Some say that: A modern interpretation of Celtic Pagan paths is to represent Erce as a triple goddess. This is a method of illustrating the seasonal changes which occur as the Wheel Of The Year turns. Erce is a youthful flower maiden during the early part of the year. She matures and becomes a mother during the Summer, before aging into the crone at Winter-time. Thus, I'm including her in our series of posts about harvest Goddesses, as we rush headlong into Mabon.
I was at the farmers' market this morning, collecting signatures to get Hillary on the ballot. The stalls were overflowing with tomatoes, corn, squash, peppers, eggplants, peaches, apples, chard, and cucumbers. A grandmother stopped to sign the petition, accompanied by her granddaughter, who will be voting for the first time in this coming election. I think my sunglasses covered up the tears that welled up into my eyes. When my grandmother was born, women couldn't vote. My mother died before a woman ever made a serious run at the WH. My brilliant DiL alerted me to this volunteer opportunity. The first time that this young woman votes, there will be a woman's name there on the balllot, reminding her, regardless of the candidate for whom she chooses to vote, that women can be leaders. We're moving towards a harvest in more ways than one. The wheel turns and turns and turns. It would turn without me, but I'm a witch and a witch's job is to help to turn the wheel. I like the feel of my shoulder up against it.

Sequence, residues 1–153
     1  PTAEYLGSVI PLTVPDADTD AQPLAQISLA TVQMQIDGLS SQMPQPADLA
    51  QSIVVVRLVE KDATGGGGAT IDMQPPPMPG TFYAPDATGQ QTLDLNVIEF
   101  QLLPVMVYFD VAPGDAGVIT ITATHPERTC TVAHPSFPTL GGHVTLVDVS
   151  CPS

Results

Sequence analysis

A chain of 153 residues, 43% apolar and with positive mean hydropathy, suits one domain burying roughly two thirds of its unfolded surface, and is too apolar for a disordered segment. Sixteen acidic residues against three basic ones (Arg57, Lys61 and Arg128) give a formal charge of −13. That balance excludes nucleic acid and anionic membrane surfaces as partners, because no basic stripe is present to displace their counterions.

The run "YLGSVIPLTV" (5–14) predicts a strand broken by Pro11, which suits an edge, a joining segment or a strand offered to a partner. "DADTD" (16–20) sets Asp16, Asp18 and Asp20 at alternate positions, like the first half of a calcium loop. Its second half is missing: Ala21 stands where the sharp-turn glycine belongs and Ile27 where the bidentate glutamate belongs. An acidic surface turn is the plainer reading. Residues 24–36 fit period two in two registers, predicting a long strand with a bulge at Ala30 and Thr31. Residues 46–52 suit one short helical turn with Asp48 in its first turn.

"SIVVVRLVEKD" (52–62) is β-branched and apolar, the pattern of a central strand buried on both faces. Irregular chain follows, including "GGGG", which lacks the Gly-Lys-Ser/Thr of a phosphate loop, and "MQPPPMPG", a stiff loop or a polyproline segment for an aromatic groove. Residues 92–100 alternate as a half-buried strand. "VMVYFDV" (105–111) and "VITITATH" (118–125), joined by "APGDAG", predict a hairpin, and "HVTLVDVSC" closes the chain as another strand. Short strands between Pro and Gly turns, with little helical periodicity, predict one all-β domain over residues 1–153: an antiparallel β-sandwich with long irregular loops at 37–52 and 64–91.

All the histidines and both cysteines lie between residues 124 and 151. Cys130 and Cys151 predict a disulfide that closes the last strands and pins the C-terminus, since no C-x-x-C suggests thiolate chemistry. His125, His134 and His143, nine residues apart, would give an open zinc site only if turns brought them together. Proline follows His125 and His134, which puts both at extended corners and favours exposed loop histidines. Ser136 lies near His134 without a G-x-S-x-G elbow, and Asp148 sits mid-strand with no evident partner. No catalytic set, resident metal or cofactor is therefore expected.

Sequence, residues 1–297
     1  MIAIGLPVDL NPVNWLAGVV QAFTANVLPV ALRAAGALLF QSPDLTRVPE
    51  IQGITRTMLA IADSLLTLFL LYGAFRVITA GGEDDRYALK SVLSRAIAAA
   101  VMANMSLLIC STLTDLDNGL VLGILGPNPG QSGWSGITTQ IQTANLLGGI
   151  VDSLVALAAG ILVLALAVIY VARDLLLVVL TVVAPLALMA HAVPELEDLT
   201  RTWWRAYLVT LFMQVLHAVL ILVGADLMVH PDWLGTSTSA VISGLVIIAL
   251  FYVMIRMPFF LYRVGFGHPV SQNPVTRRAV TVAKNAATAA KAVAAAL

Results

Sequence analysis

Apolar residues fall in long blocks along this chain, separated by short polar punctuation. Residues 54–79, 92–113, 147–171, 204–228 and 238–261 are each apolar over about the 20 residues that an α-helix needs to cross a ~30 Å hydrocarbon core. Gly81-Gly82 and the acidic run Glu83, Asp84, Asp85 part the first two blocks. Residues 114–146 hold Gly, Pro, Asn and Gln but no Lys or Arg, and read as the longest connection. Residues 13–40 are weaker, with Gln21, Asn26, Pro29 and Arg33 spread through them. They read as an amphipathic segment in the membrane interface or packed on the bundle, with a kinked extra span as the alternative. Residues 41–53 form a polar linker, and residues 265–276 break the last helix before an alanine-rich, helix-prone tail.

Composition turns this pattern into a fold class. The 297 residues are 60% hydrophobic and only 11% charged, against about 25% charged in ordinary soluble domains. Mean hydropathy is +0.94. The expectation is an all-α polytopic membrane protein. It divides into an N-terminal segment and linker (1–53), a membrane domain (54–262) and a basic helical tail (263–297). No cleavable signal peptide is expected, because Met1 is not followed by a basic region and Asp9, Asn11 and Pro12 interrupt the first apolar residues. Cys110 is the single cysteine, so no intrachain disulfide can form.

I'm a woman, a Witch, a mother, a grandmother, an eco-feminist, a gardener, a reader, a writer, and a priestess of the Great Mother Earth. Hecate appears in the
Homeric Ode to Demeter, which tells of Hades who caught Persophone
"up reluctant on his golden car and bare her away lamenting. . . . But no one, either of the deathless gods or of mortal men, heard her voice, nor yet the olive-trees bearing rich fruit: only tenderhearted Hecate, bright-coiffed, the daughter of Persaeus, heard the girl from her cave . . . ."